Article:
‘Employee ownership can unlock innovation across Scotland’

John Swinney
John Swinney

Employee ownership can be the key to unlocking innovation in companies, according to a cross-sector group of influential Scottish business leaders.

Figures from manufacturing, agriculture, oil and gas and textiles have come together on Employee Ownership (EO) Day to encourage owners to consider the benefits of the model, with evidence showing EO businesses are 5-10 per cent more productive than traditional companies.

And with innovation named as one of the four main themes in the Scottish Government’s latest Economic Strategy, Deputy First Minister John Swinney has shown his support for employee ownership as a key driver.

He said: “Employee ownership is a great option for businesses. This model enables companies to focus on creating long-term value for their employees, their customers and their partners. This approach inspires employees to be more engaged and motivated, which benefits everyone.

“The Scottish Government is committed to supporting all of our people to unleash their full entrepreneurial and innovative potential. The employee ownership business model demonstrates the Scotland CAN DO spirit. Our vision of Scotland is a world-leading entrepreneurial and innovative nation – a CAN DO place for business.”

With researchers from the University of Stirling and University of St Andrews estimating that more than 16,000 SMEs in Scotland will consider an exit strategy in the next five years1, EO ambassadors for Co-operative Development Scotland have described how the business model has helped their businesses thrive.

Nick Kuenssberg, non-executive chairman of Tayport-based technical textiles firm Scott & Fyfe – was the architect behind their move to employee ownership in 2012.

He said: “Recent findings from an employee survey have confirmed the intuitive belief that a sense of ownership and a genuine understanding of and commitment to an innovation-led strategy would enhance performance and thus the longer term future of the company.”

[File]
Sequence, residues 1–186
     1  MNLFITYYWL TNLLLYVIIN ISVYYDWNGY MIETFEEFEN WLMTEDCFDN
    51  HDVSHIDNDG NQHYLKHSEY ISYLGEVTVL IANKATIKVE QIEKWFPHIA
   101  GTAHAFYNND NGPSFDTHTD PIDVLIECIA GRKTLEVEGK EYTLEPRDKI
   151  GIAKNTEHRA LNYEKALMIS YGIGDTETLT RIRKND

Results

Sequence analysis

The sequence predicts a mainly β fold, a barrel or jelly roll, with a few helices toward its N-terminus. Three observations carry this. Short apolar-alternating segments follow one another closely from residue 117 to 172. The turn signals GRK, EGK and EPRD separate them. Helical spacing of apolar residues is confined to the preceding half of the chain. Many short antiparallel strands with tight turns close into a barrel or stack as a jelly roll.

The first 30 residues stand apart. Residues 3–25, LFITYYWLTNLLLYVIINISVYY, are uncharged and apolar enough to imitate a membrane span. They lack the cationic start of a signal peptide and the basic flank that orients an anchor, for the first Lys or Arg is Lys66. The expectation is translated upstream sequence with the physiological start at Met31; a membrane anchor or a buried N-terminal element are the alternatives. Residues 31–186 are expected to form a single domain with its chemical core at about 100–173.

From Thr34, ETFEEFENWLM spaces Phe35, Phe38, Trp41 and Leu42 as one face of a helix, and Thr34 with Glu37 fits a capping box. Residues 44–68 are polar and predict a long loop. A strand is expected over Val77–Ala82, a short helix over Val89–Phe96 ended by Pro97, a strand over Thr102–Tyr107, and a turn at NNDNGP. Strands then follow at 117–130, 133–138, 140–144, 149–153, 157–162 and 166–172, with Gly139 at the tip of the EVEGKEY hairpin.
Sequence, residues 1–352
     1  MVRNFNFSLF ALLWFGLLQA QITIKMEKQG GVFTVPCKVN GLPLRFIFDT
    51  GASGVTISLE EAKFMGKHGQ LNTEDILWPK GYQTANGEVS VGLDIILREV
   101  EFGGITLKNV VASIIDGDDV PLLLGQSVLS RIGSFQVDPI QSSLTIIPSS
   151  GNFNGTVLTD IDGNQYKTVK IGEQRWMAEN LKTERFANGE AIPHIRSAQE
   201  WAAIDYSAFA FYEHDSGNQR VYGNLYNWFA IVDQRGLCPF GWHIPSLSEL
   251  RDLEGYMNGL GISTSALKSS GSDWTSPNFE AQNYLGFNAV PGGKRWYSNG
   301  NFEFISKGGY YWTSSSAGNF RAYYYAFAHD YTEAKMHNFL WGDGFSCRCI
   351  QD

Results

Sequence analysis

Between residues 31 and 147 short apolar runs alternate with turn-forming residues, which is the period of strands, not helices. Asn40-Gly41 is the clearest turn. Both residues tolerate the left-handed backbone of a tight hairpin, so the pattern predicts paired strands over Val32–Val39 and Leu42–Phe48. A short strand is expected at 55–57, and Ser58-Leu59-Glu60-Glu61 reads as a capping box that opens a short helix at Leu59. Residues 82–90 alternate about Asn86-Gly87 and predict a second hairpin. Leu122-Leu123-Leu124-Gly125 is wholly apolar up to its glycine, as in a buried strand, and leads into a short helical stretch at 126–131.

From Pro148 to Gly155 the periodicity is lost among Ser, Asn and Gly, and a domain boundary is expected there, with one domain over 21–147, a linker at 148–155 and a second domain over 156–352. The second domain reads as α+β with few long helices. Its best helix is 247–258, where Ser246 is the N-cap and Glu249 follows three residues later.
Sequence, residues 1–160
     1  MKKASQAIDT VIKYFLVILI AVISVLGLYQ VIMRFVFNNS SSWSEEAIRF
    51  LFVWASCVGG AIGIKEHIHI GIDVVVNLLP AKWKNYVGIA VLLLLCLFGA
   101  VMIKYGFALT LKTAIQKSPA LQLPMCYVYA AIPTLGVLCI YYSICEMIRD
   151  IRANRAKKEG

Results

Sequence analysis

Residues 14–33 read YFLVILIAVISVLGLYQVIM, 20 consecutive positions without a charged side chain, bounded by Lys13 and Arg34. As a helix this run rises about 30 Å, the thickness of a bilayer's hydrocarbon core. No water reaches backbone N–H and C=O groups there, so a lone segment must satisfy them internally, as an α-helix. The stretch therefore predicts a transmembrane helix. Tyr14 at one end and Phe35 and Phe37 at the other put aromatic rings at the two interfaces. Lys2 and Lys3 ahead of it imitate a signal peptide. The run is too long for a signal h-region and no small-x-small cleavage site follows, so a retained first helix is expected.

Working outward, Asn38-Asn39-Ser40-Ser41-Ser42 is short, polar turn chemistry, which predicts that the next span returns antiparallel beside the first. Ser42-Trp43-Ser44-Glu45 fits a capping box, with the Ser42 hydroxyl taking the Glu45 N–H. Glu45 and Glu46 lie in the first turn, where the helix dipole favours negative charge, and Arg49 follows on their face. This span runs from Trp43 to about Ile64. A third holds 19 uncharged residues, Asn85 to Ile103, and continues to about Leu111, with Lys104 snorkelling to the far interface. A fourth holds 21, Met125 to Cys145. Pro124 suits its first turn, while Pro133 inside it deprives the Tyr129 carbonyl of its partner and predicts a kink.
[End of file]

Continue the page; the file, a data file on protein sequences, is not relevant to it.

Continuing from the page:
In 2010, the family owners of South Lanarkshire-based agricultural merchants Galloway and MacLeod considered their exit options and chose to sell the business to employees.

Ralph MacLeod, chairman of Galloway & MacLeod, said: “When structured correctly, employee ownership can unlock innovators within the business and reward them correctly.

“This is having a huge impact – differentiating us from competitors, identifying new markets and improving margins for stakeholders and customers in a responsible and sustainable manner.”

The research shows that family-owned businesses are most likely to consider employee ownership, with around 3,000 in Scotland having older entrepreneurs who will look to exit in the next five years.

Sarah Deas, chief executive, Co-operative Development Scotland said:“With businesses across Scotland celebrating EO Day, now is the perfect time to consider the benefits of employee ownership.

“Not only does it act as a driver of innovation, it also helps root businesses in their local area and rewards employees for their commercial success – while owners can achieve a competitive price for their company and manage their exit over time.

“Finding the correct succession solution for your business is vitally important to protect its future, so owners should start considering their options at the earliest possible opportunity – even if it feels like retirement may be some years away.”

Scottish business owners interested in the model will be able to hear more at the Inspire EO conference announced today, which is being run in collaboration between John Lewis Partnership, Royal Bank of Scotland and Scottish Enterprise.

Speakers at the event – which will be held on October 26 at RBS’ Edinburgh headquarters – are set to include Sir Charlie Mayfield, chairman of the John Lewis Partnership, and Alison Rose, CEO of commercial and private banking at RBS.

Co-operative Development Scotland is hosting a number of ‘Successful Succession’ events across the country this year, with the first taking place this morning with sustainable seafood firm Aquascot in Alness, Ross-shire.

Dick Philbrick, managing director of robotics firm Clansman Dynamics said: “Cynics predicted that in an employee-owned business there would be a cautious attitude to technical development. The cynics were wrong – 2014 was our busiest year for technical developments.”

Alan Spence, co-founder of oil and gas firm Accord Energy, said: “At Accord, we believe that investing in people and giving them space to think outside the box not only benefits them but also the company. Over the past five years, our employees have developed and presented a number of new and exciting approaches to oil and gas allocation.”

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